Technical glitches galore in GST software persist

Centre needs to set up a forum of all the stakeholders by passing Tax Practitioners Act.


THRISSUR: Seven months after the GST rollout, the Union government must admit that technical glitches in the GST software have not been overcome and they should waive penalties on late returns till digital issues are streamlined, experts who attended the National Tax Conference on GST here on Saturday opined.

Deepak K. Bapat, a lawyer at the Mumbai High Court and former state president of Maharashtra Sales Tax Tribunal Bar Association, explained that what was envisaged during the implementation of GST in July last year was an automated GST amount (GSTR3) in the portal after filing GSTR1 (for sales) and GSTR2 (for purchase). However, even after seven months, the system glitches have not been resolved which prompted the officials to come up with an option ‘GSTR3B’ in which the businessmen were made to pay their GST returns by showing the tax summary only by uploading the sales details.

“Due to limitations of the GST software developed by Infosys for which the company won the contract of Rs 1,380 crore, now the officials have kept on hold the filing of purchase details. However, none of the finance officials concerned are paying heed to the issues regarding GST aired by the business community, tax practitioners and expe-rts for communicating the issues with the GST Portal to software developers,” Mr Bapat told this newspaper.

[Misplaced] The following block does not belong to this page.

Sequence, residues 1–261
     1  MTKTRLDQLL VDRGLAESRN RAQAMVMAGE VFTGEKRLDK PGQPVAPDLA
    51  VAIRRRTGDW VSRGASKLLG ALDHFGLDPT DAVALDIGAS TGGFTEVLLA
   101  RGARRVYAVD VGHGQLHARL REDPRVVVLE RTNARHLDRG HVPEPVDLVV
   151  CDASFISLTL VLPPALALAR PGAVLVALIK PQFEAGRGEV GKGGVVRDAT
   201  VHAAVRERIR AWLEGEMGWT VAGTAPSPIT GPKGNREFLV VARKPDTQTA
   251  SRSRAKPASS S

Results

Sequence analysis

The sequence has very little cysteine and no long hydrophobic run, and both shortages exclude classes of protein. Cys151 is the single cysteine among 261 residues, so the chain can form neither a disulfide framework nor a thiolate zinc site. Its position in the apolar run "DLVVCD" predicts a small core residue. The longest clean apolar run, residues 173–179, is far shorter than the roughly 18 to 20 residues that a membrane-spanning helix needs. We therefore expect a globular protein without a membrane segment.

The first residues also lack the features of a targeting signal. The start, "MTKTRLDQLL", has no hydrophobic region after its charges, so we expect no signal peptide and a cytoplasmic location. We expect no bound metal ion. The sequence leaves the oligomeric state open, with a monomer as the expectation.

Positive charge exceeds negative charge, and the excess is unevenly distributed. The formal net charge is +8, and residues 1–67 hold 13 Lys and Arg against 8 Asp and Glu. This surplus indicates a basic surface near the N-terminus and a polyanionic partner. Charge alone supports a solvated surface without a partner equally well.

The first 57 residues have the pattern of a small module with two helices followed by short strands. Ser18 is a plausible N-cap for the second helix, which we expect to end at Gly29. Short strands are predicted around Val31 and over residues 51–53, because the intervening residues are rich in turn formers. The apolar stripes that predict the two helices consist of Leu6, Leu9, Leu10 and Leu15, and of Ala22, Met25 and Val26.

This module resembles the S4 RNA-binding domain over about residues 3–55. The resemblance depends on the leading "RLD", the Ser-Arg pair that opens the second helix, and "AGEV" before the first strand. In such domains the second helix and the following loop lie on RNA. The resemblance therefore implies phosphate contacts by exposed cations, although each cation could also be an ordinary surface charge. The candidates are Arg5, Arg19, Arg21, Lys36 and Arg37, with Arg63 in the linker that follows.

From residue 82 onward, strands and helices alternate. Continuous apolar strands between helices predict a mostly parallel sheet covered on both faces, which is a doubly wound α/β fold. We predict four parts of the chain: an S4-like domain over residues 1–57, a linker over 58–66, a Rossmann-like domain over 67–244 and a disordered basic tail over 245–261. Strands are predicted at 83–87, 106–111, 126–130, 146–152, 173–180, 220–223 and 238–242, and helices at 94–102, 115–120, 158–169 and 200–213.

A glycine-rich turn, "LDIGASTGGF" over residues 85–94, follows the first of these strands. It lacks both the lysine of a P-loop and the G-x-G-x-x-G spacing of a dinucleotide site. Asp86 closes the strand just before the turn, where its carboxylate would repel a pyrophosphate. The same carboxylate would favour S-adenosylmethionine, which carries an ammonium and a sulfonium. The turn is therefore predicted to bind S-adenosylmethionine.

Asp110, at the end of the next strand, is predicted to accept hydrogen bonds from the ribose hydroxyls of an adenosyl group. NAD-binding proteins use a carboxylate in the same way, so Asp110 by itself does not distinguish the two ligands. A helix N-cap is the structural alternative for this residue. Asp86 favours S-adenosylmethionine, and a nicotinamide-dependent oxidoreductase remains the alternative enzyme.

It will take half a year for a full-fledged GST software to be put in place and meanwhile, the Centre needs to set up a forum of all the stakeholders by passing Tax Practitioners Act and get proper feedback on the glitches for rectification, he added.

He also said that rather than separate digital platforms for uploading sales and purchases, the GST software need to combine both for the ease of filing returns.

“The GST was implemented for ease of doing business and for voluntary compliance. It is not to generate more tax revenue. However, with plenty of hurdles in filing the tax due to software issues, it has given out a wrong message that GST is more complicated than VAT and tax evasion is possible as there are several digital glitches. The closure of check-posts by the state government soon after the implementation of GST led to heavy evasion of tax on inter-state trading of goods,” Dr N. Ramalingam, associate professor, Gulati Institute of Finance and Taxation, said.